Joanna Williams

Head of Education, Policy Exchange
Speaking at

Session

Do women really need a hand up in Education?

Teaching has historically been considered a suitable job for a woman. But, as recently as the 1960s, women teachers met marriage bars or formal restrictions on career progression once they had children. Today, things could not be more different. Department for Education statistics show that close to 75% of all teachers are female. Men make up just 38% of secondary and 15% of primary school teachers. Some charities and campaigners draw attention to the scarcity of men in the teaching profession and the impact this might have on young boys lacking positive male role models within their communities. However, within the profession itself, there is condiderable focus on women’s career progression. It is argued that women might dominate the profession but are under-represented in senior leadership positions. As a result, mentoring and support groups focused upon enhancing women’s opportunities for promotion have been established. In this session I explore whether women really are under-represented at the higher levels of the teaching profession – and, if so, why this might be the case. I consider whether the under-representation of men is a problem that needs addressing and what the impact of teaching becoming an increasingly gender-imbalanced profession might be.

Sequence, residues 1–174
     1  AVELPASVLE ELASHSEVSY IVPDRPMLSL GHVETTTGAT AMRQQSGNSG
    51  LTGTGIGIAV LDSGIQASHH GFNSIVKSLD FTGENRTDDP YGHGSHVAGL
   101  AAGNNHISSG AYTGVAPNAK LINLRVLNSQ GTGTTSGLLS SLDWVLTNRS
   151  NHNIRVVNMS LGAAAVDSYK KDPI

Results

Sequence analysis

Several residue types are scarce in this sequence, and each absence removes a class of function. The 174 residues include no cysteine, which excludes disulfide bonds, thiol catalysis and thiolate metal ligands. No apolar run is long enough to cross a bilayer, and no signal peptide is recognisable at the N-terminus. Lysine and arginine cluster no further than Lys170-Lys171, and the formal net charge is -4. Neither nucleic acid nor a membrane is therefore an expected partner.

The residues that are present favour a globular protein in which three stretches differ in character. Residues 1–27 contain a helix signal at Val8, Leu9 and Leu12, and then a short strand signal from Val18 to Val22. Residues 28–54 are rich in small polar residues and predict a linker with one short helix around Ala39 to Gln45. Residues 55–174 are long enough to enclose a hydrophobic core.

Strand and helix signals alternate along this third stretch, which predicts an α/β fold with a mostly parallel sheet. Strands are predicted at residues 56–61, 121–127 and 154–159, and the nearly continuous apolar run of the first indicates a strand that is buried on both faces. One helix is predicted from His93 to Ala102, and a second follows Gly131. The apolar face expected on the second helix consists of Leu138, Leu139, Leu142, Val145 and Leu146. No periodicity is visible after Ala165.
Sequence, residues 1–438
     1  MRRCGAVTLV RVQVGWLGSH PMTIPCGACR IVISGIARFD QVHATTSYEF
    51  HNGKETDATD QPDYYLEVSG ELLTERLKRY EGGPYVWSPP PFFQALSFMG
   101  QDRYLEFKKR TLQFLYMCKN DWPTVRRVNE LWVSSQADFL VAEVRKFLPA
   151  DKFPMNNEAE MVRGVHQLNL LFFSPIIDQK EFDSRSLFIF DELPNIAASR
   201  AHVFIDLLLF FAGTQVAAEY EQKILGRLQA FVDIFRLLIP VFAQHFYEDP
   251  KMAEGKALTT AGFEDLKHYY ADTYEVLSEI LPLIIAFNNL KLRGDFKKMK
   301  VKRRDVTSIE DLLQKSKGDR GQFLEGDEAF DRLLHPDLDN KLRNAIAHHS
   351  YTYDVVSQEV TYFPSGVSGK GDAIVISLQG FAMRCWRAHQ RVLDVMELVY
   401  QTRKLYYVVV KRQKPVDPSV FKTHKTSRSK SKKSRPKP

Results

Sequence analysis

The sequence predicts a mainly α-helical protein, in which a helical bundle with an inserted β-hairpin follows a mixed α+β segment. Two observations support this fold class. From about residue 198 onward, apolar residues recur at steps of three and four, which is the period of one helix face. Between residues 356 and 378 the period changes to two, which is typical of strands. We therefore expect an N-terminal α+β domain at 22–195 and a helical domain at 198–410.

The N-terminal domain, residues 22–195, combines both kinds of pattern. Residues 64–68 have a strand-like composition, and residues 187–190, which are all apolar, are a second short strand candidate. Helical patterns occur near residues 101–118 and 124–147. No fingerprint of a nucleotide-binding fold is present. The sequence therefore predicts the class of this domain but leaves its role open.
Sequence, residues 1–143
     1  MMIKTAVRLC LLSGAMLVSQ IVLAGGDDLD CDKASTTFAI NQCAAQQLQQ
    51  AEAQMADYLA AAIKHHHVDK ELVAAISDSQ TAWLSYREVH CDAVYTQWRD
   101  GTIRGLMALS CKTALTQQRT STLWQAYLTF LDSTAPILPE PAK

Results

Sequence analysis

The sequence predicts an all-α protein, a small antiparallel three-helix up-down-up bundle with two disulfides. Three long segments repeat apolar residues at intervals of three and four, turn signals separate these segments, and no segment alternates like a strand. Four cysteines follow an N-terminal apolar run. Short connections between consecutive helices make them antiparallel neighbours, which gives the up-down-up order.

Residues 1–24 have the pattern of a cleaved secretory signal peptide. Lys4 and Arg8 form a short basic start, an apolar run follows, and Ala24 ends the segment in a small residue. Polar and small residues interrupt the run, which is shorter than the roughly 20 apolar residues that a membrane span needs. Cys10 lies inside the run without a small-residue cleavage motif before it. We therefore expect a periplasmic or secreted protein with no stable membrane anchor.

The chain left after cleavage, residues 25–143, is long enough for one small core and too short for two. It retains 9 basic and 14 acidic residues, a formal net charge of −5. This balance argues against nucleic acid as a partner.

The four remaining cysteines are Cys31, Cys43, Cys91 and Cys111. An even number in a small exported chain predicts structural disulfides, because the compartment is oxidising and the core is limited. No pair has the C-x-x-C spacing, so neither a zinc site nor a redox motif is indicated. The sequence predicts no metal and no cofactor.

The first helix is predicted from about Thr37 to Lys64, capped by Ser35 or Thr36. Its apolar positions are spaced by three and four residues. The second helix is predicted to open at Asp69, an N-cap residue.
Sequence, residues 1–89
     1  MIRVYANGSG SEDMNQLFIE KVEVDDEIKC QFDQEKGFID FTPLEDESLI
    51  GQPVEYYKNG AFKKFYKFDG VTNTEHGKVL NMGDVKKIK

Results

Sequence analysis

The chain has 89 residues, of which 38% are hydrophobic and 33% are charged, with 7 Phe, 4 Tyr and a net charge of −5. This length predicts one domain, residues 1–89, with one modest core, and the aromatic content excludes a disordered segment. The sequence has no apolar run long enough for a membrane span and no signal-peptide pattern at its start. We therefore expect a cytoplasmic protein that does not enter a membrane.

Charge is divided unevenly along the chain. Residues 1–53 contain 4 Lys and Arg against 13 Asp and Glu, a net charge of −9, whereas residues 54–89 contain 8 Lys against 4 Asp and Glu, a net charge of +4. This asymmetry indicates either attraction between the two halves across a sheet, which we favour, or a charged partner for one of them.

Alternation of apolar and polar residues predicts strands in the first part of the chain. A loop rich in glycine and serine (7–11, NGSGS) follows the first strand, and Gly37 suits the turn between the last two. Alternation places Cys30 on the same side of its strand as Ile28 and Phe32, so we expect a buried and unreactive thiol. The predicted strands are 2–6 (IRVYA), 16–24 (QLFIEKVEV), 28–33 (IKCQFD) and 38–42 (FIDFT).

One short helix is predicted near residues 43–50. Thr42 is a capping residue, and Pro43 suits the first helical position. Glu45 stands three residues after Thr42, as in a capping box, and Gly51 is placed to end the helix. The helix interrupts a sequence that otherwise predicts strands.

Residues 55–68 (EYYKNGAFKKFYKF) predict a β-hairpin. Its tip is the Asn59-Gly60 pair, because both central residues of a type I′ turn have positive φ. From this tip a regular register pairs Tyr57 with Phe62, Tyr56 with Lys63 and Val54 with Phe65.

Bio

Joanna Williams is Head of Education, Social Policy and Culture at Policy Exchange. Previously, Joanna taught in schools, further and higher education for over twenty years, most recently as director of the University of Kent’s Centre for the Study of Higher Education. Joanna is an author and the associate editor of the on-line magazine Spiked. Her latest book is Women vs Feminism, Why we all need liberating from the gender wars (2017). Her previous books are Academic Freedom in an Age of Conformity (2016) and Consuming Higher Education, Why Learning Can’t Be Bought (2012).

Archive

Beyond sex education: can we teach relationships?

Recent panics over rape culture, sexting teenagers and sexual harassment in schools have led to calls for sex education to be made compulsory, begin at a younger age and encompass a broader range of issues including consent. Key questions to be addressed include: where does education stop and the inculcation of particular values begin? Who decides what healthy relationships look like?